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Pathological liars are suffering from a disease and cannot control their lying. The disease cannot be specifically defined psychologically though. There is no specific treatment for pathological lying as it is usually present as a symptom of some other underlying condition such as attention deficit, obsessive-compulsive disorder, antisocial personality disorder, or hyperactivity disorder. Some studies have shown that pathological liars have a brain that is slightly different than the brain of normal human being who feels no urge for lying.

Pathological liars have a quarter more white matter in the prefrontal cortex of the brain than people who do not have psychological disorders. Lower amounts of white matter are associated with people who suffer from autism and are usually unable to tell lies. The conclusion is that excess amounts of white matter in the brain increase one’s urge and ability to lie.

Pathological lying, originally called “pseudologia phantastica,” has an established history within clinical practice and literature, although it has not been recognized as a psychological disorder within major nosological systems. With the movement in psychological sciences toward theory?driven, empirically supported diagnoses, the current study sought to empirically test whether pathological lying aligned with nosological definitions and could be defined as a diagnostic entity.
  • A total of 807 people were recruited (January to October of 2019) from various mental health forums, social media, and a university. Of those recruited, 623 completed the study. Participants responded to a lie frequency prompt, questionnaires about lying behavior, the Lying in Everyday Situations Scale, the Distress Questionnaire?5, and demographic questions.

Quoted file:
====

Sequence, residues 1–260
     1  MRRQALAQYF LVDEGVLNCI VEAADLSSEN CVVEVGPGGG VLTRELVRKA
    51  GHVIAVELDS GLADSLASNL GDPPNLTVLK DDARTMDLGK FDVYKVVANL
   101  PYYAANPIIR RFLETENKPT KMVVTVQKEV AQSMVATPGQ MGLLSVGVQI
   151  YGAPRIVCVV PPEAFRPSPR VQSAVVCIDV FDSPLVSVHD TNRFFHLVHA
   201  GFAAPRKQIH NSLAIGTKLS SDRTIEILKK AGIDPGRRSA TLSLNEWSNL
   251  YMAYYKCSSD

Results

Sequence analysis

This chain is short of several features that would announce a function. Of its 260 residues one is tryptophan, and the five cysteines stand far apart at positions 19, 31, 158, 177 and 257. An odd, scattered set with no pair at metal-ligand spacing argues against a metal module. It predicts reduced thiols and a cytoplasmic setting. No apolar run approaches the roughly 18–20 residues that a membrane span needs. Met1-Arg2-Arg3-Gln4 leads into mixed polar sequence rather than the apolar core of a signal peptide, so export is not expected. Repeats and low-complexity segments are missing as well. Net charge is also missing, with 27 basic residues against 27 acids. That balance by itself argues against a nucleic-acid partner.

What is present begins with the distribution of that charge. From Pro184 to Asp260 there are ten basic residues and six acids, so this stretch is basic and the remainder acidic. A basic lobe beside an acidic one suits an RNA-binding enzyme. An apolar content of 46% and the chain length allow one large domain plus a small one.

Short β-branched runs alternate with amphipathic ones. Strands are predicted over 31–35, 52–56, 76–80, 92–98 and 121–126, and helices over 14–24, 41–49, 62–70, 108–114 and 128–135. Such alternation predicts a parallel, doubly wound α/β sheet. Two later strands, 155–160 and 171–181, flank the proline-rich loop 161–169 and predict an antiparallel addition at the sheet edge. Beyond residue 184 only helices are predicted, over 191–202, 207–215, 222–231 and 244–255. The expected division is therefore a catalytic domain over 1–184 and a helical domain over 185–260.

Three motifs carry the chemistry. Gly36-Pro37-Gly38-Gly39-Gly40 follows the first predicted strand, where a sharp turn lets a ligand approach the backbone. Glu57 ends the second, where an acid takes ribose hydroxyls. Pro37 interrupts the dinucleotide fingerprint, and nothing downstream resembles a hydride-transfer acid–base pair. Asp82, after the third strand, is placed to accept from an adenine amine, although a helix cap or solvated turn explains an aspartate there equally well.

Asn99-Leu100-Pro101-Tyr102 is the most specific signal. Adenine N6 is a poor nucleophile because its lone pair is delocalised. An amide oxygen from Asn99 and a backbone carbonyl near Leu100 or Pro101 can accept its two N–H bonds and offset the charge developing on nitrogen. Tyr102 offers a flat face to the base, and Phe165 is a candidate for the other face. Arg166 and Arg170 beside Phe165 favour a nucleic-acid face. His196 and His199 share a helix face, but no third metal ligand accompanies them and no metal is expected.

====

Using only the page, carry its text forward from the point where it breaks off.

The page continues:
• Of the participants, 13% indicated that they self? identified or that others had identified them as pathological liars (telling numerous lies each day for longer than 6 months).
  • People who identified as pathological liars reported greater distress, impaired functioning, and more danger than people not considered pathological liars. Pathological lying seemed to be compulsive, with lies growing from an initial lie, and done for no apparent reason.
  • Pathological lying exists in a small percentage of people, for whom it causes significant distress, impaired functioning, and danger.
  • Pathological lying, distinct from normative lying and prolific lying, has a prevalence of 8%–13%.
✓ Fact confirmed: Pathological Lying: Theoretical and Empirical Support for a Diagnostic Entity Drew A. Curtis, Christian L. Hart; 22 Jun 2020

Children become much more credible liars around the age of 10 and that is exactly the age at which the white matter gets developed, notably in the prefrontal cortex. Too much white matter usually leads to this condition commonly known as pathological lying. There are unfortunately no ideas on a possible way of treating this condition and no research has shown any results. The condition results from a specific structure of one’s brain and, just like autism, cannot be treated.

What can be done to help Pathological Liars?

In most cases, pathological liars suffer from some other medical condition that can be treated by certain types of medication. In order to treat the patient properly, the doctor must always be extremely accurate in diagnosing these underlying conditions, because the wrong type of medication could worsen the current condition.

The underlying conditions and personality disorders that pathological liars suffer from can be treated by psychiatric medications and cognitive behavioral therapy as well.

The treatment leads to an elimination of the underlying condition in order to stop the person from pathological lying. It is very important that the treated person complies with the therapy and the medications, although sometimes people with the antisocial disorder do not want to be treated.

Is there Hope for Pathological Liars?

A pathological liar must be committed to the therapy and have the will to take medications in order to be cured. The main issue is that liars can lie about taking their medication, the effect that medication has, and life in general so it can affect the efficiency of the therapy. No treatment will work for all the patients, but luckily enough, some of them have been cured successfully.

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